July 28, 2020 | 4min read
The Evolution of Our Open-Source Libraries
A long time ago, in the Galaxy (not) far, far away…
Polidea works on several Android projects that involve Bluetooth connectivity.
The then-CEO, Jakub Lipiński, makes a decision that will shape the future of Polidea.
He asks Staff Software Engineer, Dariusz Seweryn, to translate that knowledge into an OPEN-SOURCE LIBRARY, available on GitHub.
RxAndroidBle was born. As the number of repositories grows, it’s time to make them shine. As brightly as their GitHub stars!
With this opening crawl, you know how it all started. The aim of the first library was to fast-track the implementation of Bluetooth connectivity with ready-to-use resources. Developers would also have fewer issues as the code was already applied in projects.
Giving back to the community became the backbone of Polidea—you can learn all about our journey to #CodeLeadership. With more projects involving Bluetooth Low Energy, we continued our mission to share our knowledge. You can also discover the benefits of open-source for your business in one of our previous articles.
Our pride and joy—RxAndroidBle—has 2.7K stars with over 800 commits. It enables data transmission between Android devices without imposing the way of interpreting it. The library is based on a tried-and-tested code implemented against many peripherals (BLE devices) across several projects. In other words, it’s stable, which means that the number of issues decreases significantly compared to starting from scratch.
The second in command is RxBluetoothKit. After the Android version came the iOS one, however, with a different approach. The open-source library not so much lessens the pain points as it changes the API. It’s because the Bluetooth connection works just fine on iOS. What the new API does is increase the ease-of-use of the iOS Bluetooth functionalities.
In 2016, no libraries were enabling the Bluetooth connection between a peripheral device and an application developed using a cross-platform framework. That’s where Polidea came in and developed the library building on the previous Android and iOS experience. That’s how React-native-Ble-plx was born.
Nordic Semiconductor SoCs (System on a chip) are one of the most used in the industry—a chip with a processor and a Bluetooth Low Energy radio. Development for their products is made mostly in C or C++ languages. There is no industry-wide standard for compilation toolchain of C/C++, but it can be done using CMake, an open-source tool for managing the software building process. With it, the set-up and maintenance of complex environments are much more convenient for developers. One of the most popular series of SoCs is the nRF5 family.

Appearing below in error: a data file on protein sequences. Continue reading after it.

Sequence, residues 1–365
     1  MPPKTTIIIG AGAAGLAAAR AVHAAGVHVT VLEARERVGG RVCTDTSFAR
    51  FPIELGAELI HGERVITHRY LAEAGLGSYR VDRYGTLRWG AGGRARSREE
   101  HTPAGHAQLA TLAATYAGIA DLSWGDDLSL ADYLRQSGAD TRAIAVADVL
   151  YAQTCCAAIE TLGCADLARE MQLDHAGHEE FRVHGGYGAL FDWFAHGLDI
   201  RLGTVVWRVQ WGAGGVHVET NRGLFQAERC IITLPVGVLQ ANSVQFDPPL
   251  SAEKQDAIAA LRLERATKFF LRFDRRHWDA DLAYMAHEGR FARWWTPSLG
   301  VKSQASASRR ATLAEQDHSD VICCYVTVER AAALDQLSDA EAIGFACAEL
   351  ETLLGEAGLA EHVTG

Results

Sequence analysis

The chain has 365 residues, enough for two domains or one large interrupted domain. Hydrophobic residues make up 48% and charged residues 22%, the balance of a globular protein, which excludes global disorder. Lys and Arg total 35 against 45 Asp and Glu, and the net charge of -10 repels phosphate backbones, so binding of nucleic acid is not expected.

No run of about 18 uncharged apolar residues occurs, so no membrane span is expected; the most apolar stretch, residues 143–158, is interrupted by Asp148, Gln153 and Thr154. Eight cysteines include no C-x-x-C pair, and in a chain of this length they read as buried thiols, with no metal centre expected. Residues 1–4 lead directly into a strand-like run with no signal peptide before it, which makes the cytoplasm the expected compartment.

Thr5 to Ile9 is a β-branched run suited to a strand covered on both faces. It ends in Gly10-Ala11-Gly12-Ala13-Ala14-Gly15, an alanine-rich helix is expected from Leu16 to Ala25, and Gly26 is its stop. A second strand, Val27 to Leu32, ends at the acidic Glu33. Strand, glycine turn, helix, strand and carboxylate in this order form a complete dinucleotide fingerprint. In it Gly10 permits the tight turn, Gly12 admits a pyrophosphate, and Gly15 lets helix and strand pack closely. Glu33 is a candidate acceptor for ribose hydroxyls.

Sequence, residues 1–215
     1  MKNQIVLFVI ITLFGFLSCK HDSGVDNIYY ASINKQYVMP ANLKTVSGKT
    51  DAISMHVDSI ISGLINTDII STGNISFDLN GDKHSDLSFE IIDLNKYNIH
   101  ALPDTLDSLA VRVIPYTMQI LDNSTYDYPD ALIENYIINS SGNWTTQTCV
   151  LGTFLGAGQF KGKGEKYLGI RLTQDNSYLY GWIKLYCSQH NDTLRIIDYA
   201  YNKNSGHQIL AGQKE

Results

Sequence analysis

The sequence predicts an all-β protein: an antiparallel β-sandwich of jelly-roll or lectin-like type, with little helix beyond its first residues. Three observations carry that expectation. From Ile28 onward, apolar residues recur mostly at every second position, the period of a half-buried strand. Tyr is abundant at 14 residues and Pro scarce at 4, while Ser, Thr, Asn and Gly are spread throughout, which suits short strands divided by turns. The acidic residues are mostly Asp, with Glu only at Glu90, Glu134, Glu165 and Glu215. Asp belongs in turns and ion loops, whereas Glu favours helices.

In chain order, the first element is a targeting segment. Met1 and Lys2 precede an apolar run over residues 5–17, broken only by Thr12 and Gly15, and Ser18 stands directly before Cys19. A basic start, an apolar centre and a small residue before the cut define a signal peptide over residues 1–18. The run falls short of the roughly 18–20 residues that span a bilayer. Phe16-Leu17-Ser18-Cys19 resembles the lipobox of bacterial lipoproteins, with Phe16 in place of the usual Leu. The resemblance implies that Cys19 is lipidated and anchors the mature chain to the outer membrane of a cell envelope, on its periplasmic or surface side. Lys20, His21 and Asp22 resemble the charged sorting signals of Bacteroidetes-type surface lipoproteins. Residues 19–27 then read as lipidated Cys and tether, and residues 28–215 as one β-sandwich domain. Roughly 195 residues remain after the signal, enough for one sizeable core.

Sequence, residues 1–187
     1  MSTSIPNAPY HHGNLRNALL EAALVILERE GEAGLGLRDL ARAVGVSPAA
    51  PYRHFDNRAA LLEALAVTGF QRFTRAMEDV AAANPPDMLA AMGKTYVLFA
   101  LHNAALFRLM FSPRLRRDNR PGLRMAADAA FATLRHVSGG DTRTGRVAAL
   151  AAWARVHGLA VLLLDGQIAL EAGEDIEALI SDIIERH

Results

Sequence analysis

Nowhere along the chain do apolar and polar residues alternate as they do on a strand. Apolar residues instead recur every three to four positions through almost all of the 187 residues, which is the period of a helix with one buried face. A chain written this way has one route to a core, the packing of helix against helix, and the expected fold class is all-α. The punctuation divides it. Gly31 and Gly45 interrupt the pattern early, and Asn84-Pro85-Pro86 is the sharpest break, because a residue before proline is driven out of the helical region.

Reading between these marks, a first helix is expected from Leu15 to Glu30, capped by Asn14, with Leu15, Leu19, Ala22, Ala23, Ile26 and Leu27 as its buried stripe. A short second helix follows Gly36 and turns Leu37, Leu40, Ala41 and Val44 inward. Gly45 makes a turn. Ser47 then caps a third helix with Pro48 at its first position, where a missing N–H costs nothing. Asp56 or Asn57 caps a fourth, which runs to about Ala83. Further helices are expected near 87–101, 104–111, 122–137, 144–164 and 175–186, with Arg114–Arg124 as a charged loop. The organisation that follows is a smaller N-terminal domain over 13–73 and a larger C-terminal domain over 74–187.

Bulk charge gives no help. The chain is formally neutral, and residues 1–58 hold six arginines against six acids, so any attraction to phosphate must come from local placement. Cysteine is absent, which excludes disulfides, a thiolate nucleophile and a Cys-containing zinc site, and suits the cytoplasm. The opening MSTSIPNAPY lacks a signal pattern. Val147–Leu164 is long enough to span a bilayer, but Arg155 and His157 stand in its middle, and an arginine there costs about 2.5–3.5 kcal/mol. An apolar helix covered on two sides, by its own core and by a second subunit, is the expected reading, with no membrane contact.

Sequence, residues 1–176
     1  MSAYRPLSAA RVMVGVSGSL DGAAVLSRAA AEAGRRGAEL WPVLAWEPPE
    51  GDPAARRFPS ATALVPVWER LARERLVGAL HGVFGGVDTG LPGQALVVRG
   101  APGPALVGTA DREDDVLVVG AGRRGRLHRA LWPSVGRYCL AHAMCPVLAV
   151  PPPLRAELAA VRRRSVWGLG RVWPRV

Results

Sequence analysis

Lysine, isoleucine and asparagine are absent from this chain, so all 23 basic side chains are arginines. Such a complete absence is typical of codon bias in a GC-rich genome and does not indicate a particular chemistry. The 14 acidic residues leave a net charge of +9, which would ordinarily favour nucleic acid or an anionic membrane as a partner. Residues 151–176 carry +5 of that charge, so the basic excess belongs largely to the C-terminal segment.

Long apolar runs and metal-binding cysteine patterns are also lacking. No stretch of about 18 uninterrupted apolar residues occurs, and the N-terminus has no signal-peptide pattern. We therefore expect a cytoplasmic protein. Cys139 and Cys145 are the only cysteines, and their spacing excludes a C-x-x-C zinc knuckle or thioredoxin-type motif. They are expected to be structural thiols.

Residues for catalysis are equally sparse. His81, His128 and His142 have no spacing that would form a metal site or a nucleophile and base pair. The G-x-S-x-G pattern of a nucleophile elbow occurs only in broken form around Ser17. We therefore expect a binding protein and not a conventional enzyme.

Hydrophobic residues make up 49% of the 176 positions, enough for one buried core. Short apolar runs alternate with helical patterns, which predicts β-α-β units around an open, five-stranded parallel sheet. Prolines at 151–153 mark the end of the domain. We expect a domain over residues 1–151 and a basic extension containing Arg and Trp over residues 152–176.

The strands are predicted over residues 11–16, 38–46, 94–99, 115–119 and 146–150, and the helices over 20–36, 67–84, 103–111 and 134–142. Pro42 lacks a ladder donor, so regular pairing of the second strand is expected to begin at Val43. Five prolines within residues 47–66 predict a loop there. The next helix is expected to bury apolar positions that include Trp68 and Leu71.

Knowing all that, our open-source library’s goal is to create the ultimate nRF5 CMake solution—most complete, flexible, and reliable. The library currently supports all nRF52 models and configurations and features continuous integration and script generation.
nRF5 CMake is a big project. Our goal is to cover around 300 standalone libraries and 200 examples present in Nordic Semiconductor’s Software Development Kits. If you are interested in that library, check out the in-depth article on the technical and business aspects of cmake-nRF5x.
Cockpit is a helpful tool—a debug menu—for Android developers, testers, and designers providing a way to define a set of params that can be used in the application and changed anytime without having to recompile the project. It also provides a compact built-in UI so using the library is as simple as possible.
If you have a condition that needs to be met to present some functionality, such as pop-up information, with Cockpit, you can work on that pop-up without the need to each time satisfy the requirement. It also enables developers to quickly review how a work-in-progress code presents itself on an Android device. And doing so outside of the chronological order of events in the app.
The open-source library is useful for testers as well. For instance, a user can see the welcome pop-up only once, which would mean that a tester needs to reinstall the app with each test. With Cockpit, you can reset the condition that was already met—using the app for the first time—and quickly test it multiple times.
If you are a client that is not sure about the color scheme of your application, each change entails time-consuming code rewrite and recompilation. However, with Cockpit, you can test visual components with a simple color picker. That is just one example. With Cockpit, you can also add custom actions—generate data, reset specific states. It speeds-up the decision-making process.
Those are not the only open-source libraries we’ve got. If you are interested in running your BLE related Flutter code on a virtual device, we recommend reading our article on BLEmulator.
If there is any question you have about our libraries or want to contribute to our projects, don’t hesitate to contact us!
Senior Software Engineer
Lead Software Engineer
Staff Software Engineer
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